Thursday, October 14, 2010

Arts Centre / Eileen McHugh

On Thursday night last Athy Community Arts Centre enjoyed its first full house as the local singer Jack L. who enjoys huge national success gave his first performance on Athy’s newest stage.  It was a great night, enjoyed by a capacity audience, with many more fans who could not gain admission having had to be turned away.  It was a very proud occasion for all those associated with Athy Community Arts Centre which was founded just a few months ago.

Even now, after a number of excellent shows, the Centre is still not as widely known as it should be. Thankfully the local and the wider communities are slowly beginning to recognise the valuable cultural asset in their midst.  The local Methodist Church which has stood on the Woodstock Street site for more than 130 years now doubles as the Arts Centre, while still fulfilling its primary role as a house of prayer for the followers of John Wesley every Sunday.  The generosity of the Methodist Church body and the local Methodists in allowing the Church to be used in this way is commendable.  Equally important to the development of the Arts Centre was the financial help of both Athy Town Council and Kildare County Council.  Aoife Breslin was Chairperson of Athy Town Council when the project reached a critical stage and with her fellow Councillors on the local Council did much to smooth the path which lead to the opening of the Centre earlier this year.  Another key player in the long struggle to get the Arts Centre opened was the Town Manager Joe Boland whose enthusiasm and expertise helped to bring finality to an idea which had been nurtured by a few optimists for many years past.

That same optimism was rewarded over a decade ago with the opening of another of Athy’s cultural facilities, the local Heritage Centre.  Occupying what was the old butter market in the centre of the Town Hall as well as adjoining rooms which once houses the headquarters of Macra na Feirme and the Town Hall Caretakers residence, the Heritage Centre has gone from strength to strength since it was first opened.  The Shackleton Autumn School, now an international event attracting visitors from abroad, is perhaps its best known annual event.  It has also hosted a number of other events and exhibitions, all of which have added enormously to our knowledge of the towns past as well as raising the local community’s appreciation and understanding of the wider cultural context in which we live.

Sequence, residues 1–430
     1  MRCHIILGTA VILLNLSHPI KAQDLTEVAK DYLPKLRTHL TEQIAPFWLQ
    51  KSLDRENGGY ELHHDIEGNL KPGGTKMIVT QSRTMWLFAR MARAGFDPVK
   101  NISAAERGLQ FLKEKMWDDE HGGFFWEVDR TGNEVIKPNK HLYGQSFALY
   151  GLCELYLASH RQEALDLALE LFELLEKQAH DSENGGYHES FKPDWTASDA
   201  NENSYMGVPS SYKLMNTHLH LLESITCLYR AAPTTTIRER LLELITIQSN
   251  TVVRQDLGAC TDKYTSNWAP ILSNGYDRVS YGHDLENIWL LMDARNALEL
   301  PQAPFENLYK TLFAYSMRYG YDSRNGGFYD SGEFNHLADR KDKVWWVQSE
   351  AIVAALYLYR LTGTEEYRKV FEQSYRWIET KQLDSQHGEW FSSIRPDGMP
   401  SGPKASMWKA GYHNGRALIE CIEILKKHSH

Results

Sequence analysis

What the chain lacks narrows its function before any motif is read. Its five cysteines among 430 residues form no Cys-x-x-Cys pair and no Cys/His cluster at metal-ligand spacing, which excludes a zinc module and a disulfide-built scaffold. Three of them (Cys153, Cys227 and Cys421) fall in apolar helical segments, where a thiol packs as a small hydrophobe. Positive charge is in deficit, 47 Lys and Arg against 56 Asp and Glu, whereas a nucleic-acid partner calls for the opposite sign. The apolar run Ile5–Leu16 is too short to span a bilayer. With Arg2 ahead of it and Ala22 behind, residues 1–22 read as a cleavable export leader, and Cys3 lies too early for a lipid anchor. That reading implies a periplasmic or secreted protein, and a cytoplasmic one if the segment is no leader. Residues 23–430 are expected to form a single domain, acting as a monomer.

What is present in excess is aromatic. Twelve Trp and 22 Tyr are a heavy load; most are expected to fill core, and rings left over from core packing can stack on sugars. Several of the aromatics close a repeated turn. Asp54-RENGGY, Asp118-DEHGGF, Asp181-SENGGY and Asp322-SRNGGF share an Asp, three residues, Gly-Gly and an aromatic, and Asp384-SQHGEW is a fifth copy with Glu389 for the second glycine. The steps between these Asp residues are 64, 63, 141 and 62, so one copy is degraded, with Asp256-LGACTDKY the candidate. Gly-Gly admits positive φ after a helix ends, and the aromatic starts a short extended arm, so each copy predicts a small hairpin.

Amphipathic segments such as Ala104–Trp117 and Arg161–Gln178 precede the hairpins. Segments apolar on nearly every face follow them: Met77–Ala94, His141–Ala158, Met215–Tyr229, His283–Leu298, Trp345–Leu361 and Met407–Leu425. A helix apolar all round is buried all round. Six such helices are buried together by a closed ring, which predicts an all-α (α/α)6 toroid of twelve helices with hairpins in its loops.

Next Monday, 18th October, at 7.30 p.m. a meeting will be held in the Heritage Centre on the suggestion of a number of local people to gauge support for the setting up of a ‘Friends of Athy Heritage Centre’.  It is suggested that the Friends Society would be a suitable vehicle to allow local people and anyone else who wanted to help to assist the Centre, maintain and indeed increase the level of activity which we have come to associate with the best museums and heritage centres in the country.  The meeting will be a forum to give anyone interested in the development of the Heritage Centre an opportunity to put their ideas and views before other interested persons.  It will also hopefully help to secure the future success of the Centre which has played such an enormous part in highlighting our shared history. 

During the week Eileen McHugh, formerly of Duke Street, died in Dublin and her remains were brought back to Athy for burial alongside her husband Des who died a few years ago.  McHugh’s Chemist was for over 100 years a well known landmark in Duke Street where the late Des McHugh carried on the business founded by his father in 1893.  Des was a founder member of Athy Lions Club and indeed he was the principal mover in establishing that fine charitable organisation in Athy in 1971.  His wife Eileen had particular fond associations in my memory.  I have always remembered her generosity to me when as a 13 or 14 year old I found myself outside Duffys Circus tent in the fairgreen without the money to gain admission.  I remember I was with my old friend Teddy Kelly who had the necessary shilling or so but for whatever reason I was penniless.  Raging against the unfairness of my situation I complained loudly and bitterly and to my lifelong embarrassment uttered a few ‘f’ words, all of which attracted Mrs. McHugh’s attention.  I would not have known her other than as the Chemist’s wife from the far side of town and my embarrassment was not in any way occasioned by my well established use of the ‘f’ word, but simply because I was overheard by a lady.  My embarrassment was quickly assuaged when Mrs. McHugh, realising the cause of my annoyance, opened her purse and gave me the admission fee for the circus. 

I never forgot her kindness and remember in equal measure to this day her generosity and my embarrassment at the use of profanities in her presence. 

The people of Athy will remember the McHugh family with fondness and for my part I will never forget Mrs. McHugh’s kindness to me all those years ago.

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